First off, a disclaimer. I have been, and remain a massive Penny Arcade fan. I read the comic, I watch the series, and I thoroughly enjoyed what they did with Strip Search. This article is about why PAX, the Penny Arcade Expo, isn’t for me.
Like many folks, I was excited when PAX Australia was announced – I didn’t hesitate to buy a 3 day pass. I’d seen the schedule for previous PAX-es (PAX-en? PAX-ii?), and was happy to assume PAX Australia would be of similar calibre. The good news is, I was right to make that assumption. The PAX Australia schedule is great.
So, what’s the problem?
It certainly wasn’t the attendees. Everyone was there to have a good time, a bunch of people had put excellent work into their cosplay outfits, and for a crazy novelty, queues were polite and orderly. The Enforcers (event staff), though all volunteers, were doing a great job of helping everyone out. The expo part was a decent size, with a huge variety of exhibitors showing off cool things.
The problem was the size. PAX managed to be both way too big and way too small, all at the same time. I was following along with the #PAXAus Twitter stream while I was travelling on the train, and I should’ve realised something was up with these early tweets.
“Well, that’s just the early-bird queue”, I thought to myself. I was okay with missing the opening keynote, I figured I’d still get there in plenty of time to see the next session.
How wrong I was.
First off, there was the entrance queue – about 500m long when I joined, and a solid 30 minute meander through the Melbourne Showgrounds carpark, which several people wittier than I commented on:
“At least it’s more orderly than the mobs at Big Day Out”, I reasoned to myself. “There seems to be plenty of room to move when we get inside.” And there was plenty of room to move – between the queues for each session. I joined the queue for the first Q&A session about 60 minutes before it was due to start, deciding I’d given myself plenty of time.
(It was unfortunate that, either through the the PAX organisers not notifying them, or underestimates of how much extra capacity they’d need, the Optus mobile towers had died under the weight of 10,000 people looking to the internet to entertain them while they queued.)
30 minutes after the session started, I was still 100 people or so from the front of the queue when we were informed that the session was full, and this was now the queue for the next session – an hour and a half later. Now, I like the guys at Rooster Teeth, but I didn’t feel like queuing 90 minutes (plus the time to actually get inside) to see them, so I decided to see what was going on elsewhere.
By now it was about midday, and I went to check out the exhibition hall. As with all exhibitions, the crowds were thick and slow moving, so I took my time looking around at the various displays and wares. I noted a few booths with small crowds were demoing games with Oculus Rift headsets, I figured I’d be able to check them out later. At one end, there was a great game of Johan Sebastian Joust going on, which I enjoyed immensely.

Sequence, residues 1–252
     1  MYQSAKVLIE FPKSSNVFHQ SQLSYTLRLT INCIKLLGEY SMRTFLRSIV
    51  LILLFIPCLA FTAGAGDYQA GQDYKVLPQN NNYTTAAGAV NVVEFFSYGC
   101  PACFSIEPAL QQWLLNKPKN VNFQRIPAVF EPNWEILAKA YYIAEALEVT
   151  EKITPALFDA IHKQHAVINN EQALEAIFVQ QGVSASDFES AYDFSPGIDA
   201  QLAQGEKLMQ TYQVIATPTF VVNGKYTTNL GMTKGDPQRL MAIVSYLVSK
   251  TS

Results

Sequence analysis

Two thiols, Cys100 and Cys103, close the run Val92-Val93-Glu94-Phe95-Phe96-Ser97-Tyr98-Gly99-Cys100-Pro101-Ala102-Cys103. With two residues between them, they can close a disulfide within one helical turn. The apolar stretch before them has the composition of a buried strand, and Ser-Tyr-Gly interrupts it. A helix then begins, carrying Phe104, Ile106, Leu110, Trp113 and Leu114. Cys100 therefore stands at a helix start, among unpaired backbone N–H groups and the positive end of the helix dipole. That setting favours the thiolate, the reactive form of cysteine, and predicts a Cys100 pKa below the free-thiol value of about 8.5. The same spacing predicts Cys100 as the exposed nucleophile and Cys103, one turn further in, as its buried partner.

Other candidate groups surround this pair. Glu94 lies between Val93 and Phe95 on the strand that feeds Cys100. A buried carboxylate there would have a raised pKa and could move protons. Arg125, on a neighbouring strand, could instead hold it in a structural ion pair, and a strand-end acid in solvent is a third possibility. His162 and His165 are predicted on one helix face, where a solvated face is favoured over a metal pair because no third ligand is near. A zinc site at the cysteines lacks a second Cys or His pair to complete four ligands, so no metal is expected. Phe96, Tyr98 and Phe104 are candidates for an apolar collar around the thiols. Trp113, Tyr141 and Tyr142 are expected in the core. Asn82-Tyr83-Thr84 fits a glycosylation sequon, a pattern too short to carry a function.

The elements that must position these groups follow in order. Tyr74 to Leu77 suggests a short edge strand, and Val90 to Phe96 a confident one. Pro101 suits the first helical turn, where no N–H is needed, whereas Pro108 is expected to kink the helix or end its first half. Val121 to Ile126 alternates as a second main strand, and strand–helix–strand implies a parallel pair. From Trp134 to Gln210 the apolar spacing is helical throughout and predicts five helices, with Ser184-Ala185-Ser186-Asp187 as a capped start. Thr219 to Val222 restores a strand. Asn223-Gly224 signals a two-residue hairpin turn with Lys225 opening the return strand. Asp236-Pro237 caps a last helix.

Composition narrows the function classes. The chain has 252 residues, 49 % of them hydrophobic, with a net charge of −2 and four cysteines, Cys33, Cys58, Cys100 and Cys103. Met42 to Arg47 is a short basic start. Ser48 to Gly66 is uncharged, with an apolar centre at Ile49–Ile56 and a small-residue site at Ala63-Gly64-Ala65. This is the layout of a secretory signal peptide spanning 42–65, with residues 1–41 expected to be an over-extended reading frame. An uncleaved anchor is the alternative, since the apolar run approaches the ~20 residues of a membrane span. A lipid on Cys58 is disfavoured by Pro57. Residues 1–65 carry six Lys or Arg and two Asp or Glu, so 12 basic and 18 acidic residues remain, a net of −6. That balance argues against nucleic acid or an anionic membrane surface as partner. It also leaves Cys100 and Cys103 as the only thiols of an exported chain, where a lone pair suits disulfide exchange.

The Indie Showcase had a bunch of cool games, and there were some great booths by some of the bigger companies, too. There was only one company I noticed pushing the “No Booth Babes” rule.
Having gotten a feel for the exhibition hall, the next session I was interested in was starting in about 45 minutes, so I went there to queue up. I needn’t have bothered, the queue was already twice as long as would fit in the room.
Mildly annoyed, I checked the schedule, the next session was over 90 minutes away – and here was where I made a fatal error – I thought that would be enough time for me to check out some of the other areas. Oh, how wrong I was. I went to join the queue about an hour before it started, and it was already significantly longer than would fit in the theatre. Having learned my lesson the last two times, skipping the session and grabbing some lunch sounded like the best option.
Yeah… not so much. It’s now 2pm, I’m hungry, and more than a little annoyed at my experience so far. I’m really excited about the Oculus Rift, so going to see a demo of it seemed like a good option. I found a booth with 4 demo units, that looked like the most capable of moving people through – until I joined that queue. After not moving for 10 minutes, I asked a couple of guys towards the front, “Hey, how long have you folks been waiting here?” one of them looked at his watch, “Oh, since about 12:30 or so.”
With the prospect of yet another 90 minute wait ahead of me, I decided to call it a day, and an expo. I’d been at PAX for a total of 4 hours, spent the vast majority of that in one queue or another, and really hadn’t seen anything I couldn’t catch on YouTube. It was an unfortunate waste of a 3 day pass to barely spend a morning there, but I’m okay with chalking that up to a learning experience.
So, how do we fix this?
In short, I don’t know. I’m not an event planner, I don’t know how to make these things run smoothly. But I go to music festivals where the food queues are less than 10 minutes, the bathroom queues don’t exist, and it’s possible to see everything you want to see, so I know it must be possible.
UPDATE: Some of the feedback I’ve received on this article is that it sounds like I’m totally down on PAX – nothing could be further from the truth. PAX, as imagined by the Penny Arcade crew, is the gaming convention I’ve always wanted, it’s just that the implementation left much to be desired. No two people experience the same PAX, some folks are there for the expo, others for the panels, others for the gaming (whether it be card games, board games, role playing, Warhammer, console or PC), and that’s part of the magic. For me, I go to conventions to hear people speak, and that just isn’t possible to do at PAX Australia.
Did you go to PAX Australia? How did you deal with the queues? What about other PAX-es, or similar expos and conferences?